Growing more Aboriginal health professionals: the 2009 Shalom Gamarada Ngiyani Yana Art Exhibition and show

Lisa R Jackson Pulver
Med J Aust 2009; 190 (10): 527. || doi: 10.5694/j.1326-5377.2009.tb02549.x
Published online: 18 May 2009

Josef is one of 22 Aboriginal students enrolled in medicine at the University of New South Wales (UNSW), and one of 10 students who hold a Shalom Gamarada Ngiyani Yana residential scholarship.

There are many reasons why Indigenous health professionals are part of the critical path to wellness for Indigenous Australians. Indigenous health professionals can provide a shared understanding of the circumstances of other Aboriginal and Torres Strait Islander people who enter the health system, and bring a diversity of understandings and views around health that enrich the academy initially and the profession over time.

Like so many Indigenous students, Josef is one of the few in his extended family who have been able to finish high school and enter university. Josef’s sister, 9 years his senior and herself a success story, is an engineer. While at university, she worked every night to support herself — an experience familiar to many students.

There are few scholarships and awards that can help Indigenous students pursue their dreams of becoming health professionals — Josef and his college cohort are certainly aware of this and of the role they each play in providing encouragement to others from their families and communities who also wish to enter tertiary education in the future.

“I’m the same as anybody that has a dream. The only difference is that I’ve been given the opportunity to achieve mine,” says Jenna Owen, the first Aboriginal student at UNSW to study optometry. Jenna will be one of only two Aboriginal optometrists when she graduates, and is the first person in her large extended family to attend university.

Each residential scholarship is valued at $15 000 per year and covers tuition and full board at Shalom College on the university’s Kensington campus. Each student awarded a scholarship has tenure until they complete their degree.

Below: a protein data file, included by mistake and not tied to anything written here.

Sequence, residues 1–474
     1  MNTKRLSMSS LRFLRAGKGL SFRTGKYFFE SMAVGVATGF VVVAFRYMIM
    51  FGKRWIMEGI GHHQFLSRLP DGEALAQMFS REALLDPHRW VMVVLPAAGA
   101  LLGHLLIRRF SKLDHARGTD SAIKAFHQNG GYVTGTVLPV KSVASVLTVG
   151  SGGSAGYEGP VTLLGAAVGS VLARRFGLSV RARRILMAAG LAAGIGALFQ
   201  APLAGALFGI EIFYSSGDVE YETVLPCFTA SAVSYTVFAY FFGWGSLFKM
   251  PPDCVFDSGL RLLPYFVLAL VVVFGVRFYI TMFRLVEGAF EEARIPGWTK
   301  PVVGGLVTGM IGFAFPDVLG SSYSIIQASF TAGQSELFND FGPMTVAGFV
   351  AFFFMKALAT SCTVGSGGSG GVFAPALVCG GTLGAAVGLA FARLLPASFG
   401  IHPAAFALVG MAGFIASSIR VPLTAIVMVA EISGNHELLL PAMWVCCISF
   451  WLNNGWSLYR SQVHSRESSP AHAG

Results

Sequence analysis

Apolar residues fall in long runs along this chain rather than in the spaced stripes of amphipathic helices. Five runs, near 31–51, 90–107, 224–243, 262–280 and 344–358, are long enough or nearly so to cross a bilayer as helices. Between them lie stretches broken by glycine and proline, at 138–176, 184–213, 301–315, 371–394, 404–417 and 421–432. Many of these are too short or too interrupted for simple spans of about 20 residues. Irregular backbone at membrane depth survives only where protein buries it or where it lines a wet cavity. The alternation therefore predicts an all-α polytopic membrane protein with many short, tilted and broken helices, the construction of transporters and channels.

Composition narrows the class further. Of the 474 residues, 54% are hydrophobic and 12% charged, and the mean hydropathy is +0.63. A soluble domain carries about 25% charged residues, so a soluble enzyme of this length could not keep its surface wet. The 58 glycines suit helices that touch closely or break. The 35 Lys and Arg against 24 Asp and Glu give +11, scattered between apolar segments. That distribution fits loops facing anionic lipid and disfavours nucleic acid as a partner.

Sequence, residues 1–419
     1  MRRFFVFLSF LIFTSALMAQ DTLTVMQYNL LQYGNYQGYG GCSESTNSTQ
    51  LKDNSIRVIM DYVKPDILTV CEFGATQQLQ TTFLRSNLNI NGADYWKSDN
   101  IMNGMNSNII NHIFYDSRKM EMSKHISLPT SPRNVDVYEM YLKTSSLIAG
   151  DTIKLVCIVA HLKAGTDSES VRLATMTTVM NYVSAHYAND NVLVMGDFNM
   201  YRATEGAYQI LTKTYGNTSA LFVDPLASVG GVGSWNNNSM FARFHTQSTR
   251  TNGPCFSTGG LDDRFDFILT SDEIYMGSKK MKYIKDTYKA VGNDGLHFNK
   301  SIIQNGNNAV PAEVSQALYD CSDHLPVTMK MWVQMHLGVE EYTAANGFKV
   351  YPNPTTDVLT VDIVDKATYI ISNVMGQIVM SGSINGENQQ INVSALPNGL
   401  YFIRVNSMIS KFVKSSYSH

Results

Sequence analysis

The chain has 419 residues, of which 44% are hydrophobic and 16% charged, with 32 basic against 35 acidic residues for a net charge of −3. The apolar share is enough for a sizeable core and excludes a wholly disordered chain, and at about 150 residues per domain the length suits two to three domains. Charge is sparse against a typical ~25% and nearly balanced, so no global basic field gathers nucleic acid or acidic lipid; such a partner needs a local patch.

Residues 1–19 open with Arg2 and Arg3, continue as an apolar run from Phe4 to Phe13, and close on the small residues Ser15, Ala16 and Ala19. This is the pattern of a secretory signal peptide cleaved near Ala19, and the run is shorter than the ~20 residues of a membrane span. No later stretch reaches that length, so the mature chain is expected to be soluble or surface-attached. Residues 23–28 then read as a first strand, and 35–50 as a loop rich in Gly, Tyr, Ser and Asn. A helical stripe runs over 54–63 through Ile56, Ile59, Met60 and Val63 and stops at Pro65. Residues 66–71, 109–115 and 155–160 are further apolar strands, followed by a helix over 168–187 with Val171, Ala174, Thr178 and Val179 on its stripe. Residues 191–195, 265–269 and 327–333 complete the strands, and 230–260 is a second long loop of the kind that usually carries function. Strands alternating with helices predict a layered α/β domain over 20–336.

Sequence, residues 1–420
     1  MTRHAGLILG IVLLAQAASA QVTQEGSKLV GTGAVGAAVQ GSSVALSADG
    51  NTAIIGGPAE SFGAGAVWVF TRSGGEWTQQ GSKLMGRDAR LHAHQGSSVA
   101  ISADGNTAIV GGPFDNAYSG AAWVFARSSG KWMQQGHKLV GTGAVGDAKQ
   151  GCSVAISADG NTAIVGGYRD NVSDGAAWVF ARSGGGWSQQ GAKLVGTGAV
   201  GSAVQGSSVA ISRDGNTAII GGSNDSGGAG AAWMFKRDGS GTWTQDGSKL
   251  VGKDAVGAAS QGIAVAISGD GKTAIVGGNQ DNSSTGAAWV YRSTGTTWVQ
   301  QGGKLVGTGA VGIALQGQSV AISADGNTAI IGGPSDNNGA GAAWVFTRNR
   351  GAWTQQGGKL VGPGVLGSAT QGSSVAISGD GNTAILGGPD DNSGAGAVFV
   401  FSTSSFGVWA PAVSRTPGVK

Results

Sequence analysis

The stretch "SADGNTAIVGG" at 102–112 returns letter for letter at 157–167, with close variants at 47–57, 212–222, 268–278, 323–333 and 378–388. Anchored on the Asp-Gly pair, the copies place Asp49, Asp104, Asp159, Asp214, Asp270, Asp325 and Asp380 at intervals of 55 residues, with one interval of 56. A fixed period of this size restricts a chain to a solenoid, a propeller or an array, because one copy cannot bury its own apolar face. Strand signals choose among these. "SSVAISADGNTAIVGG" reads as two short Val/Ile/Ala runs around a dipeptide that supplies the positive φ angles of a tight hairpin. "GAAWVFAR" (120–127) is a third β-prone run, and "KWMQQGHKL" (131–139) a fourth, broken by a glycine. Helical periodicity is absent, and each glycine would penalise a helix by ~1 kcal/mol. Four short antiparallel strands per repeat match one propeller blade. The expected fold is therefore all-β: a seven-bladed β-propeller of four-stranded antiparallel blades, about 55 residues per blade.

These scholarships are funded mainly from the proceeds of the annual Shalom Gamarada Ngiyani Yana Art Exhibition and show ( The art show is run in partnership with Shalom College, and two distinct Aboriginal units on campus, the Muru Marri Indigenous Health Unit and the Nura Gili Indigenous Programs at UNSW.

The first exhibition was held in 2005, and it has run annually since. This year, as in the past, the artists themselves, through their agency as the creators of the artworks, make a deliberate contribution to improving Aboriginal health outcomes.

This year, the show will focus on two distinct areas —the Yuendumu community in the Western Desert region of the Northern Territory and the artists of Bidyadanga in northern Western Australia.

All of our works are sourced from community art centres and we expect to have about 130 pieces on display this year, some of which can be seen in this issue of the Journal (see below), with prices ranging from $150 to $50 000 or more.

The opening ceremony will be held at 5pm on Sunday 19 July, with guest artist Daniel Walbidi from Broome, and Yuendumu art centre coordinator Cecilia Alfonso as guest speakers.

Shalom Gamarada allows the public to see a broad range of current contemporary and traditional art. People can meet representative community members and artists and learn about collecting art and hear about the current thinking in health, and all proceeds go to help grow more Indigenous health professionals — all of this makes this particular week-long event unique.

  • Lisa R Jackson Pulver

  • Muru Marri Indigenous Health Unit, University of New South Wales, Sydney, NSW



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